“I had actually seen a light, and in the midst of that light I saw two Personages, and they did in reality speak to me; and though I was hated and persecuted for saying that I had seen a vision, yet it was true; and while they were persecuting me, reviling me, and speaking all manner of evil against me falsely for so saying, I was led to say in my heart: Why persecute me for telling the truth? I have actually seen a vision; and who am I that I can withstand God, or why does the world think to make me deny what I have actually seen? For I had seen a vision; I knew it, and I knew that God knew it, and I could not deny it, neither dared I do it; at least I knew that by so doing I would offend God, and come under condemnation.”
The full account of the vision may be found in The Pearl of Great Price, a book of scripture of The Church of Jesus Christ of Latter-day Saints:
There are comparisons between Joseph Smith’s experience with God and Christ, and the fictional experience of Lucy Pevensie with Aslan, Narnia’s Christ figure:
- Both were sensitive to the Spirit at young ages. Joseph Smith had the conviction that he would receive answers to his prayers if he truly believed and sought them. In Prince Caspian, Lucy was the only one of the group to see Aslan as they were traveling. Also, in The Voyage of the Dawn Treader, it is Lucy who called upon Aslan to save them during the threatening storm.
- Neither was immediately believed after having seen deity. Peter and Susan did not believe Lucy had seen Aslan and, while Edmund believed Lucy because of her past experiences, the group still decided to go their own way and did not follow Susan’s recommendation. While Joseph Smith’s family believed him when he told them of his visitations, others, like the preacher, did not; the unbelievers went so far as to persecute young Joseph because of his claims.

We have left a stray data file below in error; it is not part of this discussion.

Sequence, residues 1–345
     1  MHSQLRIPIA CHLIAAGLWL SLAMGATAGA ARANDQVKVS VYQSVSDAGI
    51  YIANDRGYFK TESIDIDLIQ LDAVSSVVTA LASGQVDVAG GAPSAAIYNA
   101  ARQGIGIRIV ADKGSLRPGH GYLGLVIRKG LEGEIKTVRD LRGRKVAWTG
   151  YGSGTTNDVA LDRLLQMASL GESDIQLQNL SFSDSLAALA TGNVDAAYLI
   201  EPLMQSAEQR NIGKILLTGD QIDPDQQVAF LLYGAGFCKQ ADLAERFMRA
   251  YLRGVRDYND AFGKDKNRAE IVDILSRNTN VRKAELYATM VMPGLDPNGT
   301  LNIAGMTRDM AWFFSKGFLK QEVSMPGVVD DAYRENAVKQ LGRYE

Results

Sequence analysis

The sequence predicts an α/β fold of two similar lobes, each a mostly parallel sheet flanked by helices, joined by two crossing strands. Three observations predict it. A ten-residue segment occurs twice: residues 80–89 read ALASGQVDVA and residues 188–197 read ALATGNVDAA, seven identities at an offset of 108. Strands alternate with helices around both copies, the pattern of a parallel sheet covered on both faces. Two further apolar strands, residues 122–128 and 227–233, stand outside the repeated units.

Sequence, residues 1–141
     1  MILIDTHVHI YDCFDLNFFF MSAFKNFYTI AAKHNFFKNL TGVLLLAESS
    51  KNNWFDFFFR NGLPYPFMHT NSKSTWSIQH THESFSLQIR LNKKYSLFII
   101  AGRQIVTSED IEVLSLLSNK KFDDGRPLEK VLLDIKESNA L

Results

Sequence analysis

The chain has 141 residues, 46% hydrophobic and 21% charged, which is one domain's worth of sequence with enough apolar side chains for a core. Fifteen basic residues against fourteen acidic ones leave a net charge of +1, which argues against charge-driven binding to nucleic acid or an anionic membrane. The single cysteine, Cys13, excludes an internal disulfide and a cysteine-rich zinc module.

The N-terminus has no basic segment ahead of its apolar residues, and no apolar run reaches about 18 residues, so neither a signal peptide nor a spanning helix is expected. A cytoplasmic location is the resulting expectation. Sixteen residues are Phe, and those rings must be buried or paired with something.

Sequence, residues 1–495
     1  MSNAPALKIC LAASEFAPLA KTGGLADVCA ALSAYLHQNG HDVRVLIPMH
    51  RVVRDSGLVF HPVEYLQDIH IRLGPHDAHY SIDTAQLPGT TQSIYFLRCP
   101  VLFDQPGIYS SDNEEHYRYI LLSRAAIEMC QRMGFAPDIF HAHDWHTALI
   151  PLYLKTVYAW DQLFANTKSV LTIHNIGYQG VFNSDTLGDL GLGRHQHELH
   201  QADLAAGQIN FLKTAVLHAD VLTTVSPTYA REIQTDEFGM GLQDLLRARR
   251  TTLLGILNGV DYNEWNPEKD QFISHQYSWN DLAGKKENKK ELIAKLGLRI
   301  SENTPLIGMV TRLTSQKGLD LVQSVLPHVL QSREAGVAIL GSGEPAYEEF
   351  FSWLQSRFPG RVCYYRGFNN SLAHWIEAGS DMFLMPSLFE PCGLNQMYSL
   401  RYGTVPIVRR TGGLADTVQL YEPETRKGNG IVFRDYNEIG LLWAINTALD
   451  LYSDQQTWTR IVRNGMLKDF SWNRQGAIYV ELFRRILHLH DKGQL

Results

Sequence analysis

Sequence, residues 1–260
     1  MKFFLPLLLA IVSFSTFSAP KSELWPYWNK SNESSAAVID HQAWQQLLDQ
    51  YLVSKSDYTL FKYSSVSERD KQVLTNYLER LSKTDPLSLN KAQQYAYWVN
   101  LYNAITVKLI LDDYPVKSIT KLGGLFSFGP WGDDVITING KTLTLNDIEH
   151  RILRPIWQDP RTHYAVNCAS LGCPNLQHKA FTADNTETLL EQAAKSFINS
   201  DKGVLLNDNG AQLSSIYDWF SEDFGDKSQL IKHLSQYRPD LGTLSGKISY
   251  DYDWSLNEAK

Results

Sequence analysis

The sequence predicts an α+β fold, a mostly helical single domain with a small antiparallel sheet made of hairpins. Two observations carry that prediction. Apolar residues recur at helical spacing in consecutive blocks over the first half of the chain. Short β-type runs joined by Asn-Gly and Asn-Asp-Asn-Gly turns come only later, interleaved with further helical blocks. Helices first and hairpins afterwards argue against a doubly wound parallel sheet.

- Both accepted difficult tasks given them by their respective deities. Joseph Smith was not to join any existing church, but was to prepare himself to participate in the restoration of Christ's church on the earth and translate the Book of Mormon, the story of Christ’s interaction with his people on the American continents. Lucy Pevensie was directed to return to her group, wake them up in the middle of the night, and convince them that Aslan had requested they follow him to the place where Prince Caspian awaited.
- Both bore a burden in accomplishing their assigned tasks. Lucy was afraid that no one would believe her, especially since they would not be able to see Aslan (at least at first) even though she could. It was not until the early hours of morning that the others eventually begin to see Aslan’s shadow and then Aslan himself; they all eventually obeyed Aslan’s direction to follow him. Joseph Smith was not allowed to show anyone the gold plates from which the Book of Mormon was translated. This was a heavy burden that was not relieved until he was eventually permitted to show the gold plates to a group of three witnesses and then eight witnesses. Joseph Smith's mother later recounted Joseph's great relief at no longer being the sole witness of the divine experiences of the restoration, when he told her that others "will have to testify to the truth of what I have said for now they know for themselves" that his vision and the gold plates were real and true.
- Lastly, there is the similarity between the personal growth of both as they met their respective challenges. Aslan told Lucy that it was not important whether the others saw him at first or believed her, implying that the important thing was that Lucy saw him and was willing to follow him, even if it meant the discomfort of confronting her older brothers and sister. And Joseph Smith very eloquently expressed a similar conviction when he remarked, “For I had seen a vision; I knew it, and I knew that God knew it, and I could not deny it.”